Let’s take a quick glance at the pharmacology of tetracyclines – drugs which interfere with bacterial protein synthesis. In this way, they share a common mechanism of action with macrolides – such as azithromycin, clarithromycin, and erythromycin – and with aminoglycosides – such as gentamicin, netilmicin, and tobramycin. Other drugs – such as lincosamides and streptogramins – also interfere with protein synthesis. Tetracyclines are bacteriostatic in effect and have a broad spectrum of activity. They are incompletely absorbed from the gut, particularly when taken with food. Common side effects include nausea, tooth discolouration, and headache.
|Examples of Tetracyclines|
Pharmacology of Tetracyclines
Tetracyclines are antibacterial drugs used in the treatment of a wide variety of infections. They are broad spectrum in effect – being active against many Gram positive and Gram negative infections. For example, they are effective against infections caused by Chlamydia trachomatis, Chlamydia psittaci, Mycoplasma, rickettsiae, Brucella, Vibrio cholera, and Coxiella burnetii.
Tetracyclines are commonly used in the treatment of acne. Doxycycline is also used in the treatment of anthrax infections, bubonic plague, malaria treatment and prophylaxis, and elephantiasis. Unlike other tetracyclines, minocycline is effective against Neisseria meningitides. However, resistance still remains a problem. Tetracyclines carry resistance through plasmids – resulting in bacterial cells shuttling (efflux) more and more of the drug out of the cell.
Bacterial resistance of tetracyclines can also occur through decreased binding of tetracyclines to the bacterial ribosome. As a result of mechanisms such as this, bacterial resistance to tetracyclines is growing. It’s no accident that resistance can occur through tetracycline binding at the bacterial ribosome, as it’s from this site that tetracyclines exert their mechanism of action.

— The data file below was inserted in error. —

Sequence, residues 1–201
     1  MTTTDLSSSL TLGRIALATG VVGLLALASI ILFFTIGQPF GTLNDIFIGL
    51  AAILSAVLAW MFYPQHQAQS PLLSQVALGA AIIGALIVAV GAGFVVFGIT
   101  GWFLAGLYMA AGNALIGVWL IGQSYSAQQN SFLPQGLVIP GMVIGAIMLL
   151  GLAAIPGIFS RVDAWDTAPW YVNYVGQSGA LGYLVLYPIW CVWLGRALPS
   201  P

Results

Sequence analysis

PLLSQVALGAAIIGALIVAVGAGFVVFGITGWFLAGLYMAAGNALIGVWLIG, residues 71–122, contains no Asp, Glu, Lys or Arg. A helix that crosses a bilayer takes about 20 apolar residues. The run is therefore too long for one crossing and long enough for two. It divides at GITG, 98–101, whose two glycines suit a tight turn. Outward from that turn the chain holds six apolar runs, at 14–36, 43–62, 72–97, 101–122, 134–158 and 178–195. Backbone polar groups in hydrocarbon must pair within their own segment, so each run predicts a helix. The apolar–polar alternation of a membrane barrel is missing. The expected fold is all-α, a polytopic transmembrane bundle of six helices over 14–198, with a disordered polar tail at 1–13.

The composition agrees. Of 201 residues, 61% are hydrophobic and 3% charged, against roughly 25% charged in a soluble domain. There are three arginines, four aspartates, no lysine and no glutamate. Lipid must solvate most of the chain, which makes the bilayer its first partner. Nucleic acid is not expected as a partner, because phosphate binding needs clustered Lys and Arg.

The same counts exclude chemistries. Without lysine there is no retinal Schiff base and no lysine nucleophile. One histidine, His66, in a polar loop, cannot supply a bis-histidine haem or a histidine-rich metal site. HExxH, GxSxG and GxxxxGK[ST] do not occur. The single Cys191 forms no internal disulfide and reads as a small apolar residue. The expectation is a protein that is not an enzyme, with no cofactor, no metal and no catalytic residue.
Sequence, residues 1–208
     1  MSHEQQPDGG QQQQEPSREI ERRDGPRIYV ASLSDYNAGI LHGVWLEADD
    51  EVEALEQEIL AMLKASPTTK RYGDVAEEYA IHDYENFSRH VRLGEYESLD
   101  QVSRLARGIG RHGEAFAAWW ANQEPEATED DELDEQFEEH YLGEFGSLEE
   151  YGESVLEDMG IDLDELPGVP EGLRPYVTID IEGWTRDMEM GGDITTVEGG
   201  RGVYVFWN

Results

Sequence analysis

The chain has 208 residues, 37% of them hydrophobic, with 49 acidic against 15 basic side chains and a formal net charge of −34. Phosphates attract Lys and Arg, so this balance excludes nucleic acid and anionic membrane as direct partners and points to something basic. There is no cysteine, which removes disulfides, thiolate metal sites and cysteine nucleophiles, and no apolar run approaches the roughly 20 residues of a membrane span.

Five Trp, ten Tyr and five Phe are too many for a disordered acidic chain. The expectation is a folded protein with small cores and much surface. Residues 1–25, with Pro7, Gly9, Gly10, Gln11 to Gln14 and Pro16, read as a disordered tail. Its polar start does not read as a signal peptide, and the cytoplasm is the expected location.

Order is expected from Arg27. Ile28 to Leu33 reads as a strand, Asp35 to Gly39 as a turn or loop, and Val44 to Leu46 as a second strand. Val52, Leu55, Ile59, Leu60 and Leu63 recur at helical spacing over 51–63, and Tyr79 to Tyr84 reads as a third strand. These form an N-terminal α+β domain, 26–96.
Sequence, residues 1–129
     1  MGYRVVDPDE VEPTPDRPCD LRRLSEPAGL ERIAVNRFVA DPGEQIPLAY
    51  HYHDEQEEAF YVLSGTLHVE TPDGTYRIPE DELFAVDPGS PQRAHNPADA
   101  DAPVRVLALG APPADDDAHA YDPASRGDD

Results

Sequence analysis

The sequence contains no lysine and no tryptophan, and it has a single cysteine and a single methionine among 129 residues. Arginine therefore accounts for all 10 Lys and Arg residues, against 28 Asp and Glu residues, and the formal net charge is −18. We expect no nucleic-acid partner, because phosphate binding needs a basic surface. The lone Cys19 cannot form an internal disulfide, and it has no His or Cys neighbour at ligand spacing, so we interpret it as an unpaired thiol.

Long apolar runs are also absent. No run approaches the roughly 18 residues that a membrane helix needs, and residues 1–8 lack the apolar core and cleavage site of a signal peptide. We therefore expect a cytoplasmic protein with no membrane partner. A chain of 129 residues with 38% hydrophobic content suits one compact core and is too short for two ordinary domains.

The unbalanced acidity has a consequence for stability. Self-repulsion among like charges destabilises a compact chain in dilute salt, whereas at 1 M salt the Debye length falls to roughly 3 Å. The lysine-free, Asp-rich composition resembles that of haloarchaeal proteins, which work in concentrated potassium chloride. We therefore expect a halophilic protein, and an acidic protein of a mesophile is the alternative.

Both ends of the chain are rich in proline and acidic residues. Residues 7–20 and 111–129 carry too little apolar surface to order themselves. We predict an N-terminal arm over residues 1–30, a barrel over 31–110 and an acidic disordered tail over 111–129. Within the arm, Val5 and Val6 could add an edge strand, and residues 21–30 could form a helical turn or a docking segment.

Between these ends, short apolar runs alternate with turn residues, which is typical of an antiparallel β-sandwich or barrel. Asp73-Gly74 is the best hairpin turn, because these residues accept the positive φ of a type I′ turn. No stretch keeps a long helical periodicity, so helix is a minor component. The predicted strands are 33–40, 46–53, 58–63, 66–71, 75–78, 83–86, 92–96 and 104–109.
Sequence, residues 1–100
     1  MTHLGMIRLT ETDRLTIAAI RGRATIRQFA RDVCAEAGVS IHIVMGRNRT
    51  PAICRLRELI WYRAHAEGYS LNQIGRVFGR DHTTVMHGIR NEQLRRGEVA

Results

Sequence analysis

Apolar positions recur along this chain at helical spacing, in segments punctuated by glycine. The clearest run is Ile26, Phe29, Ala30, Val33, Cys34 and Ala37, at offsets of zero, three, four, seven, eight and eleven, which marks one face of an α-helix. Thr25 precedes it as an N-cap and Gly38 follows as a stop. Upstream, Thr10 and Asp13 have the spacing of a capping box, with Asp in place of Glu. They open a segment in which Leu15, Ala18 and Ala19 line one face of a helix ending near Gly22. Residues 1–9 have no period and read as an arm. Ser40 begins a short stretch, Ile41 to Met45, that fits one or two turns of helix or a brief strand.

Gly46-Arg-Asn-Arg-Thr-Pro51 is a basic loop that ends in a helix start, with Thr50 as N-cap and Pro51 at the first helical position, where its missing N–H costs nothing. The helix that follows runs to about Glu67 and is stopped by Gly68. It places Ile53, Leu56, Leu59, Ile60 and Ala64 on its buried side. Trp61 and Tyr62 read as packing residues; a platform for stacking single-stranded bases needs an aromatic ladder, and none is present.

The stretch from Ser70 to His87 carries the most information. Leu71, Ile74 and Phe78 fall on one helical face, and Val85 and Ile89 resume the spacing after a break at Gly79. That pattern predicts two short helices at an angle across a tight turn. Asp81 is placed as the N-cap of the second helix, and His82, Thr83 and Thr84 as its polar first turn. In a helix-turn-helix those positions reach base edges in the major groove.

It’s a fundamental fact of the pharmacology of tetracyclines that they act by interfering with bacterial protein synthesis. More specifically, tetracyclines inhibit the binding of aminoacyl-tRNA to the mRNA-ribosome complex – something which is achieved by the tetracycline drug binding to the 30S ribosomal subunit.
Tetracyclines are incompletely absorbed from the gut, an effect enhanced if the drug is taken with food. The absorption of tetracycline antibiotics is also impaired if taken with:
- Aluminium salts
- Magnesium salts
When tetracyclines bind to these salts, they form di- and trivalent cations – which are inactive chelates. As a result, patients are advised to avoid foods such as milk, and supplements (such as antacids). Absorption is further impaired if the intestinal pH is elevated.
Tetracylines can also cross the placenta, and they are poorly absorbed into the CSF. Their half-lives vary somewhat, mostly oscillating around the 9-20 hour mark. Tetracyclines are mostly concentrated in the liver, with part of the drug being eliminated in the bile (though some of this eliminated drug is reabsorbed thereafter).
Before concluding our understanding of the pharmacology of tetracyclines, we quickly turn to their unwanted effects. Tetracyclines may cause:
- Nausea, vomiting, epigastric pain
- Anti-anabolic effects
- Headache, visual disturbances (benign intracranial hypertension)
Tetracyclines cause tooth discolouration, which also occurs in the developing fetus if taken during pregnancy. Tooth discolouration is also a risk in the developing child, or in children whose teeth are still developing. Tetracyclines are also known to cause steatosis and fatty liver, meaning they are used with caution in patients with liver dysfunction.
Test your knowledge of the pharmacology of tetracyclines here– ten questions covering just about everything in this article.